I have decided that buying new running shoes is actually kind of traumatic. Don’t get me wrong, I absolutely love being the proud new owner of shiny, clean running shoes (and love even more the first chance to get them dirty!) – I just don’t like the act of buying them. This has been made blatantly obvious to me this week as I went in search of my first pair of trail shoes.
My first mistake was letting my enthusiasm take over from my common sense. I’d headed over to Melbourne to pick up my bib for ‘Run Melbourne’ and browsed the running shoes at the time. I’d been curious about Hokas for a while and tried some on then listened to the sales assistant go on about how amazing they were. They felt a bit odd – cushioned, definitely but odd. I asked to try on another pair of a different brand but he assured me there were none in my size so I made my second mistake – I made a rash, on the spot decision and just bought them.
I got them home and, unfortunately, gave in to the cold that had been brewing for a few days so ended up in bed and unable to test them out until later in the week. When I finally took them for a spin on the treadmill, I knew they just weren’t right. I’m all for cushioned shoes, believe me. I absolutely adore my Brooks Transcend which feel like I’m running on clouds. But these felt like I was running with mattresses strapped to my feet and my calves, which have to work hard enough anyway, were not happy. They also felt weird at the back, as if my feet were slipping out of them. Maybe I would have got used to them. Maybe running on the treadmill didn’t give me the best experience. Maybe I’d already talked myself into not liking them. But they had to go back.
The impact of my first mistake became more obvious when I went to return them. Obviously, the shop were unwilling to refund me for changing my mind (fair enough) but gave me a store credit. Great. Except they really didn’t have many trail shoes to choose from and, finally having done my homework, they didn’t have the ones I actually wanted. The store credit was also only valid in their actual store, not their online one which further limited my selection (and meant I couldn’t browse and spend online, instead having to drive an hour again to spend it). And, having already got my money, it felt like they weren’t really interested in helping me find more suitable shoes. I probably should have just walked away with my store credit, spent it later and got my shoes elsewhere but I was conscious that I have a trail event in 2 weeks and need time to try out the shoes so I made another snap decision – buy the Brooks.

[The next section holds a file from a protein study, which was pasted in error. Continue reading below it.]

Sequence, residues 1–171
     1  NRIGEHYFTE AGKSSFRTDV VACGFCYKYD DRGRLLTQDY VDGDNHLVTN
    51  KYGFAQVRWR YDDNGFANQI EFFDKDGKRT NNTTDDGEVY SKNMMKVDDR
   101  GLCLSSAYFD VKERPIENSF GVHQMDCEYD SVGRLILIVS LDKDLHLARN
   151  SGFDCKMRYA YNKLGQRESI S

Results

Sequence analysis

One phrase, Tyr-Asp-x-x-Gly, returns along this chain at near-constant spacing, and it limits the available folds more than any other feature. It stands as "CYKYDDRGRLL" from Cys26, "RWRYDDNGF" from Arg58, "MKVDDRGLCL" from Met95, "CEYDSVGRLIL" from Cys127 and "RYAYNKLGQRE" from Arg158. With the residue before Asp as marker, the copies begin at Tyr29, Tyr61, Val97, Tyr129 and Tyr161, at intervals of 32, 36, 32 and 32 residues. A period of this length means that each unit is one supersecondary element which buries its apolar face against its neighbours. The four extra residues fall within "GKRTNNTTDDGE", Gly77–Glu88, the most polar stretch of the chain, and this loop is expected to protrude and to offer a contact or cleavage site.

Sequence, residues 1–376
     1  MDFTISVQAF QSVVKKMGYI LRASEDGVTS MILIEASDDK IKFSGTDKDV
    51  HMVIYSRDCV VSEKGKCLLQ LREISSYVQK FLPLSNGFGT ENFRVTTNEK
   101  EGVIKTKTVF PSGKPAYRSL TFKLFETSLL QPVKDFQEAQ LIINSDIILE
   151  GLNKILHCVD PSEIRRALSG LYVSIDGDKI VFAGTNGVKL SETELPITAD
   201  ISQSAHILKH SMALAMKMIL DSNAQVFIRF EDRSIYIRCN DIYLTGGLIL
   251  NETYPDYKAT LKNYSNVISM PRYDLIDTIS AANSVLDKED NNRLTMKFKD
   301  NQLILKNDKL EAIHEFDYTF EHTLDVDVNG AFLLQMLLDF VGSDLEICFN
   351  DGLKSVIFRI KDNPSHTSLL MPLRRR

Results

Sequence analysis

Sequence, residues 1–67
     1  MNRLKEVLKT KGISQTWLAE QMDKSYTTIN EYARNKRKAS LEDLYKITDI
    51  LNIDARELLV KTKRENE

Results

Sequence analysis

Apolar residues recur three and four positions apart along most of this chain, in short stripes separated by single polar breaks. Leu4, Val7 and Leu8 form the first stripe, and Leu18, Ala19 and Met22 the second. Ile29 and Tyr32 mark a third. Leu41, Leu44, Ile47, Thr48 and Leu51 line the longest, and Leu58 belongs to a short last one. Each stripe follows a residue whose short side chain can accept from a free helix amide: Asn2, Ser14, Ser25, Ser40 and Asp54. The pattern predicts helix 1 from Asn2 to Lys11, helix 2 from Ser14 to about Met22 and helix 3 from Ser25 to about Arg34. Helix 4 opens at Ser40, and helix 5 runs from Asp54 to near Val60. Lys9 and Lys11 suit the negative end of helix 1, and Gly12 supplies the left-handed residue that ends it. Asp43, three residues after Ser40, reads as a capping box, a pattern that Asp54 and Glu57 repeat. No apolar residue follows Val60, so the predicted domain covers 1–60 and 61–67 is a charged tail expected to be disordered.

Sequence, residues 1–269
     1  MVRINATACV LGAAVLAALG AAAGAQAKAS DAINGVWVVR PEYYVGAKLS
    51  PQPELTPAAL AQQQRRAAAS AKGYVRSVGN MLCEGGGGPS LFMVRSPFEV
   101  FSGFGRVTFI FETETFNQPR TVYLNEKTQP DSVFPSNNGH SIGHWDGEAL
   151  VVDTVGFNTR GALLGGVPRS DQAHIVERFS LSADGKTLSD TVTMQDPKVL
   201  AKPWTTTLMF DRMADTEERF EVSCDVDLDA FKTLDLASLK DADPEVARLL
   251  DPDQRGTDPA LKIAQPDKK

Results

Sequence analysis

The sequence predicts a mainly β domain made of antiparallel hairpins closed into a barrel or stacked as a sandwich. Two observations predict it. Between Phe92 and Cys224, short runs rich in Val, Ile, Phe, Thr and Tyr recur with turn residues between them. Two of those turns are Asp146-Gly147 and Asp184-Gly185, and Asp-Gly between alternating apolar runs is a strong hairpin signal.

I’ve now got some sturdy but pretty looking Brooks Cascadias waiting for me to take them out and get them dirty. I’ll reserve judgement until I’ve actually run in them and am a little nervous as they weren’t the ones I wanted but I’m a lot happier with them than I was with the previous pair.
- Stick to running shops where I actually feel comfortable and valued. I’m not saying that to bag the shop I went to – they did nothing ‘wrong’, it’s just there are varying degrees of ‘right’ when it comes to customer service and I’ve definitely experienced better elsewhere.
- Don’t make rash decisions, buoyed by pre-race enthusiasm.
- Listen to my instinct – if it doesn’t feel right, walk away and give it time.
- Just buy the Brooks. Have adored every pair of shoes of theirs I’ve ever worn and I have my fingers crossed that the Cascadias will follow that pattern. Stay tuned…